Kansas is en route to become the 37th state to expand Medicaid under the Affordable Care Act (ACA), the result of bipartisan negotiations led by the state’s Democratic Governor, Laura Kelly. About 150,000 more low-income adults in the state—whose income is up to 138% of the federal poverty level—can potentially avail of Medicaid benefits starting January 1, 2021, once the bill is approved by the state Legislature. 

The agreement also includes provisions to initiate the federal “reinsurance” program (Section 1332 reinsurance waiver), which protects insurers from the high cost (sometimes in the hundreds of thousands of dollars) of certain high-risk enrollees—this in turn protects the remaining enrollees from a premium increase. Interestingly, while enrollees can avail of a program that helps them find employment, this bill does not mandate work requirement for continued Medicaid coverage, unlike states such as Indiana (20 hours/week) and Michigan (80 hours/month).

The current status of work requirement in Medicaid expansion states can be found on the Kaiser Family Foundation website.

There’s now a glimmer of hope for the underprivileged residents of Kansas to be able to access primary and preventive care as well as treatment for debilitating chronic conditions. But how will the costs of expansion be covered? While the federal government will cover 90% of the total costs, the agreement includes a provision for a hospital surcharge that will be used to offset the remaining 10% of expansion costs to be shouldered by the state. The Kansas Hospital Association (KHA) has predicted that expansion would generate savings, economic growth and fees that would cover the costs associated with this move and even spare a few million.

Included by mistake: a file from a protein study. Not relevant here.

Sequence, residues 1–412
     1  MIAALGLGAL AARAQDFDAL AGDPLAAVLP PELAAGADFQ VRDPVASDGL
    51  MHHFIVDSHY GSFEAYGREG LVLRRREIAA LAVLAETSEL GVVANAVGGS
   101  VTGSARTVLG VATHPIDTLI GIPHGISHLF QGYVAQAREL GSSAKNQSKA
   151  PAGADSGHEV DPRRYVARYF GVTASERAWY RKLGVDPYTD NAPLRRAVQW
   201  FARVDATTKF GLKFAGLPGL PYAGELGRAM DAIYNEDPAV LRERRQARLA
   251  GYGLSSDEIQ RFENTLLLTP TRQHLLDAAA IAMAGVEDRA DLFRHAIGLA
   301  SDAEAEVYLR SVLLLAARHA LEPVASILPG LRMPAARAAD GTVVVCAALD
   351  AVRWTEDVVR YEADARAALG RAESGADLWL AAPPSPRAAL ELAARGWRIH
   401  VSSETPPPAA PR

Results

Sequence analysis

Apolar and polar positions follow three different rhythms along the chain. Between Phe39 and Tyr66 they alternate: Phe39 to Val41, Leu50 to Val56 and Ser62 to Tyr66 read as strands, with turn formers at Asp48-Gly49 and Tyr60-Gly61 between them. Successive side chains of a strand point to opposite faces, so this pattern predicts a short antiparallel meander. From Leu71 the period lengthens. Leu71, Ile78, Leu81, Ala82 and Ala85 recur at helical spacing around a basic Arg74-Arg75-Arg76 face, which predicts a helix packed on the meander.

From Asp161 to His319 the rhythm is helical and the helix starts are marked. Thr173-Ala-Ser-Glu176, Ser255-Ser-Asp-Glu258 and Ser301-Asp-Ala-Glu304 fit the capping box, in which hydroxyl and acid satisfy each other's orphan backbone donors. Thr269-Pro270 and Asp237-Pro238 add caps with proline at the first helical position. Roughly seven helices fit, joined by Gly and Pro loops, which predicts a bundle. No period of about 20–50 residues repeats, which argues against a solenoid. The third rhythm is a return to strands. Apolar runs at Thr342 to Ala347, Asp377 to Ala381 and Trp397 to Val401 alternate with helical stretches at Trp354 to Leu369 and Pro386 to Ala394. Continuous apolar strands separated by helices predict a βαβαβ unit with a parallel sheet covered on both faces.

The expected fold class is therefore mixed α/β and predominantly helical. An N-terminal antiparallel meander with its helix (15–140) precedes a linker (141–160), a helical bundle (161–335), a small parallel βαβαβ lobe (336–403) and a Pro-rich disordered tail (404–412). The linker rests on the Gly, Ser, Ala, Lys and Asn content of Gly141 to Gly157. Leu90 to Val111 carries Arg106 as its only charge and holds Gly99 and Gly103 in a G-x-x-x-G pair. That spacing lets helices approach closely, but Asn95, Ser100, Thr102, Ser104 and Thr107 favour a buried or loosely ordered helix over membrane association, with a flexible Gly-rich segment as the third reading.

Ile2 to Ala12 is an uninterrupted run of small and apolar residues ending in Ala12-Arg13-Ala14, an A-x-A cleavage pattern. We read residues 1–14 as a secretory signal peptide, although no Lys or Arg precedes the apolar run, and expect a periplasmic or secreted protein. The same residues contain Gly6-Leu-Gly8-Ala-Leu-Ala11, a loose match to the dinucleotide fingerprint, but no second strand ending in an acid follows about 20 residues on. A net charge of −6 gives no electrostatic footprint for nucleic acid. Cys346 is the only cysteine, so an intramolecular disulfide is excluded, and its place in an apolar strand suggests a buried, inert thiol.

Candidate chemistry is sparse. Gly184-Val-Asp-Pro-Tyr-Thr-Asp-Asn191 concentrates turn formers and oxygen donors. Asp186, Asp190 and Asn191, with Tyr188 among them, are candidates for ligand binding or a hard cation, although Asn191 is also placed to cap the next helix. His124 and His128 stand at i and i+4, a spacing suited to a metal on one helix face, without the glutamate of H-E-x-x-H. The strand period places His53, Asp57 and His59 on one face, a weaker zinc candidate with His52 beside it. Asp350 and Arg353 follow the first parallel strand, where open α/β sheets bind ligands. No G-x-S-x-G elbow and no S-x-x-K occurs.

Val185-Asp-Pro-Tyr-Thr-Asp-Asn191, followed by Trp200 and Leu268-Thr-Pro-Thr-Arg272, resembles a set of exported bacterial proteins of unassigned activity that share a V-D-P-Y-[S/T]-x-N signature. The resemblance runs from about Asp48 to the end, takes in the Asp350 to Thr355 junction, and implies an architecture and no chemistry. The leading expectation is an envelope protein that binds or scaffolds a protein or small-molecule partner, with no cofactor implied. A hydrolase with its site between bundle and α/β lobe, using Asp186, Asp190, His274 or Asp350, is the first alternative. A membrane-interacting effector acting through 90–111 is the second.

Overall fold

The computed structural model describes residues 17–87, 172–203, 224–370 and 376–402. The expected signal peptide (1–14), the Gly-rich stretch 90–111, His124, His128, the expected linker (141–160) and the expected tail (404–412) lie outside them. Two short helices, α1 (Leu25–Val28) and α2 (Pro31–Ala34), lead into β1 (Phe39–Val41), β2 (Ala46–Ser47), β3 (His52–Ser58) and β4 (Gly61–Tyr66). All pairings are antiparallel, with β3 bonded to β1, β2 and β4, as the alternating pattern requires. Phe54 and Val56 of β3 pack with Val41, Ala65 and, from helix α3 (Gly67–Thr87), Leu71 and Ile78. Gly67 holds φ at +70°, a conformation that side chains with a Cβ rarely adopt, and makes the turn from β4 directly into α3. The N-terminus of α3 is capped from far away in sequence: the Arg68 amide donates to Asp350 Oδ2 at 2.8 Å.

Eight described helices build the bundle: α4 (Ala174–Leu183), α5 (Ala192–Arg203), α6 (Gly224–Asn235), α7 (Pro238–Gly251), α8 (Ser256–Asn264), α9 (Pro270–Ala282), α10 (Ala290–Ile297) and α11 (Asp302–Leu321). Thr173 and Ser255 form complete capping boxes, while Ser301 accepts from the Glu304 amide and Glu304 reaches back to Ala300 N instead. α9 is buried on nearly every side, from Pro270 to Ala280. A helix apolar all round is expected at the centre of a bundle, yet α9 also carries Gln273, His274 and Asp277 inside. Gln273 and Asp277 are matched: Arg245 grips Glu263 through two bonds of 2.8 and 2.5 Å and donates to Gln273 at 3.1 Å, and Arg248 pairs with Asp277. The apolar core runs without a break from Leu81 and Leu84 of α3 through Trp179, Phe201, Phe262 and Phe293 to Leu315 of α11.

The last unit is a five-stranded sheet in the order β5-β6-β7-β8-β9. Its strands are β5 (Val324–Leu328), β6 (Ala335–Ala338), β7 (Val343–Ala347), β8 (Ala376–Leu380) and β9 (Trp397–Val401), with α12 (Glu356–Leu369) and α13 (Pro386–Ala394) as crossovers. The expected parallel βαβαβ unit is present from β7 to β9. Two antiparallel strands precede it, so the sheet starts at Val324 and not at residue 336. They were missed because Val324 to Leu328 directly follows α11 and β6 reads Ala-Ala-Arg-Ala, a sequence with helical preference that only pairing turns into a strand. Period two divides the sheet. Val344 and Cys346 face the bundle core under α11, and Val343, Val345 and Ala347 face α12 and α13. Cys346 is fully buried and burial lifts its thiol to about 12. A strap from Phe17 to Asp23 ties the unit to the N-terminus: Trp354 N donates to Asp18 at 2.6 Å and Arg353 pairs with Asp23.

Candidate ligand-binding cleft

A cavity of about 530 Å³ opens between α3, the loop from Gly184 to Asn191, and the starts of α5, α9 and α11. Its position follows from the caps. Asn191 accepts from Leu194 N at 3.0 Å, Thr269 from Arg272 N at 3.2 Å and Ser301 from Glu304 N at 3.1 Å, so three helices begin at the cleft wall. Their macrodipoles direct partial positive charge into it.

According to The Commonwealth Fund, expansion states can fold adults from state-funded health programs under expansion coverage to realize savings. It also reduces states’ burden of uncompensated care as the uninsured are now covered. In Montana, for example, the state spent $24.5 million on Medicaid expansion costs (of the total $576.9 million) following expansion in January 2016. Savings realized from state-sponsored health programs, such as substance use disorder, that the state now did not need to spend on, offset some of these costs. Moving people from traditional Medicaid to the expansion population added to these savings, and the offsets totaled $25.2 million leaving Montana with a surplus of $700,000 in fiscal year 2017. A 2015 report estimated that surplus savings in Kentucky and Arkansas within the first 2 years of expansion would be enough to cover the states beyond fiscal year 2021.

“This agreement is clearly the most significant progress we have seen in the Medicaid expansion debate in Kansas,” said KHA president and CEO, Tom Bell.

While both Republican and Democratic leaders in Kansas hope this bill is approved and implemented as law, the previous Republican Governor of the state, Sam Brownback, had vetoed a 2017 attempt by his own party to expand Medicaid in the state. The large number of uninsured patients, however, have burdened the state’s rural hospitals and led to numerous closures due to lower rates of repayment, which makes care delivery unaffordable. Between 2010 and 2019, 5 rural hospitals shuttered their doors for good in the state. According to Bell, expansion would offset 18% of uncompensated care costs of urban hospitals and 26% for rural hospitals and make care delivery and access sustainable in remote areas.